My mother taught me to always track my period. And when I was lazy, she would do it for me, even when I stopped living with her. I always knew the answers when the OBGYN asked me when my last period was, when it ended, or if I had an unusually heavy flow during my period.
No, it’s not just for when you are trying to conceive. However, if you are, pregnancy is possible during your fertile window, or the days leading up to or after ovulation. It’s best to consult your doctor to determine the length of your fertile window, but without specific dates, you won’t know when you’ll get pregnant.
But even if you aren’t concerned about baby-making, just knowing when you are going to get your next period will make you feel prepared, and therefore more in control. Also, by tracking various details about your period, you will be able to give more information to a doctor in case of any anomalies.
If you decide to take your tracking a step further and track your sex drive and sexual activity, it can help you determine patterns in your cycle and hormone levels. So, you know when to get busy – and when to be extra safe.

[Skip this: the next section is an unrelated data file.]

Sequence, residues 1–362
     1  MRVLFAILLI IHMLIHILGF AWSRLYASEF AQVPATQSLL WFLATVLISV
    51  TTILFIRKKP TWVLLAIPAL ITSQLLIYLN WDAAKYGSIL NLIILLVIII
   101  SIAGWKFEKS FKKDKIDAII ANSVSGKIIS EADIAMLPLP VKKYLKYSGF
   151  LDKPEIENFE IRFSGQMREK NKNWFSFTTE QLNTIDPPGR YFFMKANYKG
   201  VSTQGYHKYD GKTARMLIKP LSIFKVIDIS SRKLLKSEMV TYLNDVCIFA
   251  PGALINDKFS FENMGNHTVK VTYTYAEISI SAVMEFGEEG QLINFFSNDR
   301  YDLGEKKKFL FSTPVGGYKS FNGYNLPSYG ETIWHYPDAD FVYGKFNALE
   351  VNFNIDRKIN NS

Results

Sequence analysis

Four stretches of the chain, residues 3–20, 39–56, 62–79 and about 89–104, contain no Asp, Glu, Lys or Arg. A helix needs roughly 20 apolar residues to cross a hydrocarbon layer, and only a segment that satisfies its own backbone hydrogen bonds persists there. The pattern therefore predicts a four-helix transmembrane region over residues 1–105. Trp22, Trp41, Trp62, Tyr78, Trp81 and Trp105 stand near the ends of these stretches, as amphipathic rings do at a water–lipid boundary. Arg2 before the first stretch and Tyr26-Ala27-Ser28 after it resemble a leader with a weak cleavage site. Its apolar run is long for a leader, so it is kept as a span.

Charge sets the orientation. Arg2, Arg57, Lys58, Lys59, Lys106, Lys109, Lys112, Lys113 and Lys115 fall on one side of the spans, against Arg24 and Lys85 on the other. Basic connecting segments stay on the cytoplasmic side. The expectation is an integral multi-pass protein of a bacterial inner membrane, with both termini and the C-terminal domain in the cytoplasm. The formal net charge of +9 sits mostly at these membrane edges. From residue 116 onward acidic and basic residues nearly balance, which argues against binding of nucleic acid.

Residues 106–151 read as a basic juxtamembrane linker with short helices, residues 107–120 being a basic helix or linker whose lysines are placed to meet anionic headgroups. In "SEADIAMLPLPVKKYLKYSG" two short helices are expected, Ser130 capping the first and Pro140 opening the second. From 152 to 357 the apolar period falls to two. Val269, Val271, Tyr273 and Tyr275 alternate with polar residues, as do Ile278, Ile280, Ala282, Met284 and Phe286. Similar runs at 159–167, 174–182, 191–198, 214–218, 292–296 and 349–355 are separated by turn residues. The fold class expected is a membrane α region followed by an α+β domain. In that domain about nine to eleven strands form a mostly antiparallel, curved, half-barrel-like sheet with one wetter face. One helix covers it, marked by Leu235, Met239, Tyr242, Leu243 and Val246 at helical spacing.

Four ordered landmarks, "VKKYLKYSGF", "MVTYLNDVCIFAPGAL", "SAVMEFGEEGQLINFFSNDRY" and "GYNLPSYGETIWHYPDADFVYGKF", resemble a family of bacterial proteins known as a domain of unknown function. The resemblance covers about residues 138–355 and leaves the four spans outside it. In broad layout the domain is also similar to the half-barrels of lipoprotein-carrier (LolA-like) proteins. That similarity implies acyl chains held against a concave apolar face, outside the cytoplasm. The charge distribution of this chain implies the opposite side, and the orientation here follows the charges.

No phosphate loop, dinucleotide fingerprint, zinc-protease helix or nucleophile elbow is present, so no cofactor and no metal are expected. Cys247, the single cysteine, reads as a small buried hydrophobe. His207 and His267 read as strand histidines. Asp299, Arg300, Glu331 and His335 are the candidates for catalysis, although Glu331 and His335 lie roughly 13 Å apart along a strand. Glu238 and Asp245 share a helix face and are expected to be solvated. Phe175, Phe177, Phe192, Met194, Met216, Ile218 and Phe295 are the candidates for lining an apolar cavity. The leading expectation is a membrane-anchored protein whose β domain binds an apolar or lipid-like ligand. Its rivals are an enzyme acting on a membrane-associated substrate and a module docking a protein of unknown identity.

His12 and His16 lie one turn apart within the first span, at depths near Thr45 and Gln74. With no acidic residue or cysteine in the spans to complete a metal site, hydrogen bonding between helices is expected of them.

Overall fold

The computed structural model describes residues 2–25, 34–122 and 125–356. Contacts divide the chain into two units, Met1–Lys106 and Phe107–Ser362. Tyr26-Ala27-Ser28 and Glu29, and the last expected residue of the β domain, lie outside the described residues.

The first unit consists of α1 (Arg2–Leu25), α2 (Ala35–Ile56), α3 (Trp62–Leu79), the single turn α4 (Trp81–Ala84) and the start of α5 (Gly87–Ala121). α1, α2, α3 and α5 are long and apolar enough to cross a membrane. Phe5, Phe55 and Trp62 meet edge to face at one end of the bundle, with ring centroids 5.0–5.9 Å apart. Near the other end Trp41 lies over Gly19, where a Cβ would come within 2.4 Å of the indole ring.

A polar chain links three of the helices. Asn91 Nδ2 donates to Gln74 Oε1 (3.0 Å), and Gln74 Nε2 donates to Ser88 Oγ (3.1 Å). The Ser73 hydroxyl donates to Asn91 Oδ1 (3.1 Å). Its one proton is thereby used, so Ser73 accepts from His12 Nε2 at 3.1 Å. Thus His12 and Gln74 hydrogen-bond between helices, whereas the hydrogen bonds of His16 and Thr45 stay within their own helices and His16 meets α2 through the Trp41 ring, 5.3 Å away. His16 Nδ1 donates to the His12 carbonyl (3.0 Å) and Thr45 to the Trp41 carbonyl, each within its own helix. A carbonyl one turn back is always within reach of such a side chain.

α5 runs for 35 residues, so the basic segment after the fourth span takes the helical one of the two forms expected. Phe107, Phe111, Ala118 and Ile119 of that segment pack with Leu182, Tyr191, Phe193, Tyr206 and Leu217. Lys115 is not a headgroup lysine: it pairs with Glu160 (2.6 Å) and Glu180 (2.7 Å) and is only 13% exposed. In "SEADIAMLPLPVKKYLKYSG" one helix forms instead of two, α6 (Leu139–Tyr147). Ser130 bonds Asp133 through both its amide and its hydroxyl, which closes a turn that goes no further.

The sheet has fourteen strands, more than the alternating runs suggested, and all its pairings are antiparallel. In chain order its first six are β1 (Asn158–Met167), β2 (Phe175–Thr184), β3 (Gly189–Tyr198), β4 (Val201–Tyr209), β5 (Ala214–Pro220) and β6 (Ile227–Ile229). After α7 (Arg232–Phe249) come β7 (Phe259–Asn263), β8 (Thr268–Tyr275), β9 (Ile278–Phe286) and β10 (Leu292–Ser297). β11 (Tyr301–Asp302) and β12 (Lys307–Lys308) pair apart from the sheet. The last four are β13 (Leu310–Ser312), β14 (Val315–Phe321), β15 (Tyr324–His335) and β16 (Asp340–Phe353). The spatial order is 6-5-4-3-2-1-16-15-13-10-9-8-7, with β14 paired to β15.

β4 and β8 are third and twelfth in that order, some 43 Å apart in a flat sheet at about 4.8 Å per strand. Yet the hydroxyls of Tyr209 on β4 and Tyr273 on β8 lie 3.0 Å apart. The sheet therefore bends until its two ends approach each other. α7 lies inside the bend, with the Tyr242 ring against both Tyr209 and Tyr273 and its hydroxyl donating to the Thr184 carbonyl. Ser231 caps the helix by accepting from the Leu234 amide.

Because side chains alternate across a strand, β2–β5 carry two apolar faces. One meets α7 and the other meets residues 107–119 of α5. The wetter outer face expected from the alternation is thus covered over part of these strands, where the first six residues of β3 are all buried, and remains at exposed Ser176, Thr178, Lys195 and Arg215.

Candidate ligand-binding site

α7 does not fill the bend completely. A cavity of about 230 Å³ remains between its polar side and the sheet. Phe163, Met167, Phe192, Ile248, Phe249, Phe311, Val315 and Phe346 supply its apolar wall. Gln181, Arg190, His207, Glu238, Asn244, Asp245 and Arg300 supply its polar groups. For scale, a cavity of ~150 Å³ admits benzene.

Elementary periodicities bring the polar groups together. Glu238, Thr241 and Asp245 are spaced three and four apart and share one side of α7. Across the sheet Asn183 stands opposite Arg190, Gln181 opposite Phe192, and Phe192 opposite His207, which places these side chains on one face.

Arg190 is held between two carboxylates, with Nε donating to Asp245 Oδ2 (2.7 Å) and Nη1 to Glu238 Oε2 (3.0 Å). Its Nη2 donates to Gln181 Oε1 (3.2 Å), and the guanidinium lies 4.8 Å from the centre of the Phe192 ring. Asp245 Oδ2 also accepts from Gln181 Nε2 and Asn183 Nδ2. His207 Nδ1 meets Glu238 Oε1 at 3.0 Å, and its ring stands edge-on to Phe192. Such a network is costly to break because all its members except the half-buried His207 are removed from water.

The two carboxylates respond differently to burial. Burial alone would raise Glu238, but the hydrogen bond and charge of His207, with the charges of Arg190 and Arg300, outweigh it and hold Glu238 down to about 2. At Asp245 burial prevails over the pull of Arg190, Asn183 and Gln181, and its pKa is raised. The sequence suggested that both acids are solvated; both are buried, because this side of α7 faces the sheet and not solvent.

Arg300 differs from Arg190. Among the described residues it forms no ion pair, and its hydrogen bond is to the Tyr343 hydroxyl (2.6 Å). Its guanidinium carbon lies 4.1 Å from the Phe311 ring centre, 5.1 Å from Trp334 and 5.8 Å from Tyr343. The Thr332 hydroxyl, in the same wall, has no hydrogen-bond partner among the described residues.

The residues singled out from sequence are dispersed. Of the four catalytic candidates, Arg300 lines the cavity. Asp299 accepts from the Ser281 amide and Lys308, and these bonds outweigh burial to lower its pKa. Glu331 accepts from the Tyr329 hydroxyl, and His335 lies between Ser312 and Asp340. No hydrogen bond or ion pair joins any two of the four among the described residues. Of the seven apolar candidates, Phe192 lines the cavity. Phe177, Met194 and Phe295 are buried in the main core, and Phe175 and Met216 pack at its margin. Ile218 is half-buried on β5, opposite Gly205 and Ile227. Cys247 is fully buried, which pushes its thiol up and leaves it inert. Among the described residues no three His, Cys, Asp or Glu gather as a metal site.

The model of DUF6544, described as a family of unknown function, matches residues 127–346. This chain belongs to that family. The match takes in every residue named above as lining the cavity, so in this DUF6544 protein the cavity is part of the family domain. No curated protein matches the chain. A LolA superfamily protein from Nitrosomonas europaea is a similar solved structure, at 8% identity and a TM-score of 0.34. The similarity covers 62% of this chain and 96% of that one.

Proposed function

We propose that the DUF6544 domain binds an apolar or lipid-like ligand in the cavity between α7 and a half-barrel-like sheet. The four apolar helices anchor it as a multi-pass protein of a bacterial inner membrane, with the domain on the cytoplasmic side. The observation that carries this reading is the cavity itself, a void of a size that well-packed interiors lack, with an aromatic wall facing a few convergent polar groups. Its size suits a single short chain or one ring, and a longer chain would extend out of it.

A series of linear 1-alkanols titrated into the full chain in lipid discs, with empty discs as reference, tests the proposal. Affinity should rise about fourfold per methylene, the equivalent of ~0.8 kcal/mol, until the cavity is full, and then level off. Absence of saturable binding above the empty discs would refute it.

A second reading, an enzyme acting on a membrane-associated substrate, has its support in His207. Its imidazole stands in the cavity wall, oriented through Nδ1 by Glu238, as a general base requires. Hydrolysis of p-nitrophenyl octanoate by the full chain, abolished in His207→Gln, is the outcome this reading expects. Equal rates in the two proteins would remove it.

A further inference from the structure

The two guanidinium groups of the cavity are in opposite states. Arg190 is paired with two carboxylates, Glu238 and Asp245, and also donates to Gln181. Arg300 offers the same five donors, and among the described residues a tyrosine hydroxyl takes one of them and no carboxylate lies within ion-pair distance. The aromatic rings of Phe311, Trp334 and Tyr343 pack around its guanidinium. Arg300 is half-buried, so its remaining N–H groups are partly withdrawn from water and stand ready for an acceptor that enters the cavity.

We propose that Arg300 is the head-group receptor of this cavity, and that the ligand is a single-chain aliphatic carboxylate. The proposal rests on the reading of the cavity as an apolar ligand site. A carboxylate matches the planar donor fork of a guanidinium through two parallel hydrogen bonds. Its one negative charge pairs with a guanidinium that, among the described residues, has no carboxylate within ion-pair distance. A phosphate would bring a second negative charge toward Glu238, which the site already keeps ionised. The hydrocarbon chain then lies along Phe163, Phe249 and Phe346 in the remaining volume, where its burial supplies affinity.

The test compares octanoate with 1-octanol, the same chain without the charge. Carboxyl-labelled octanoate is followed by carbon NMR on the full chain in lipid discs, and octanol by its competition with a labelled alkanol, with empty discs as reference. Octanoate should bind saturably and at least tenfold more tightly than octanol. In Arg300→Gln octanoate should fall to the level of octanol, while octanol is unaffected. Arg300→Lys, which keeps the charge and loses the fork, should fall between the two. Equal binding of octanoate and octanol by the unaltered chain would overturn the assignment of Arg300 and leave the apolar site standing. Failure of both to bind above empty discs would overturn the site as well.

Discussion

Tracking your cycle simply means recording when you get your period and other information related to your cycle. What should you be tracking? Start with the first day of your cycle, then see how long your period lasts. The more, the better. Track everything, TMI all the way. Ignorance is definitely not bliss here. Track your dates, your moods, your flow volume (light, medium, heavy, or spotting), even the colour of your flow if that changes throughout your period.
In addition to all this, tracking your sex drive is important too so that you can take any necessary steps if necessary. A few factors to consider are whether you have protected or unprotected sex and whether you have a high sex drive or feelings of withdrawal. Tracking your fluid discharge, pain, and pill intake is useful too.
There are a dozen period-tracking applications on the interwebs – because isn’t there an application for just everything? Some of the top rated ones include Period Calendar, Flo Period Tracker, Clue, and My Calendar, but there are even more to choose from.
You could go the old school way and put it in your journal, but a period tracker may be an easier option considering it has a predictability feature that can anticipate symptoms, log information in a more systematic manner, set reminders, and even tell you when your period is due. Technology, right?
Understanding your period will help you understand your cycle, your hormones, and your body a little better.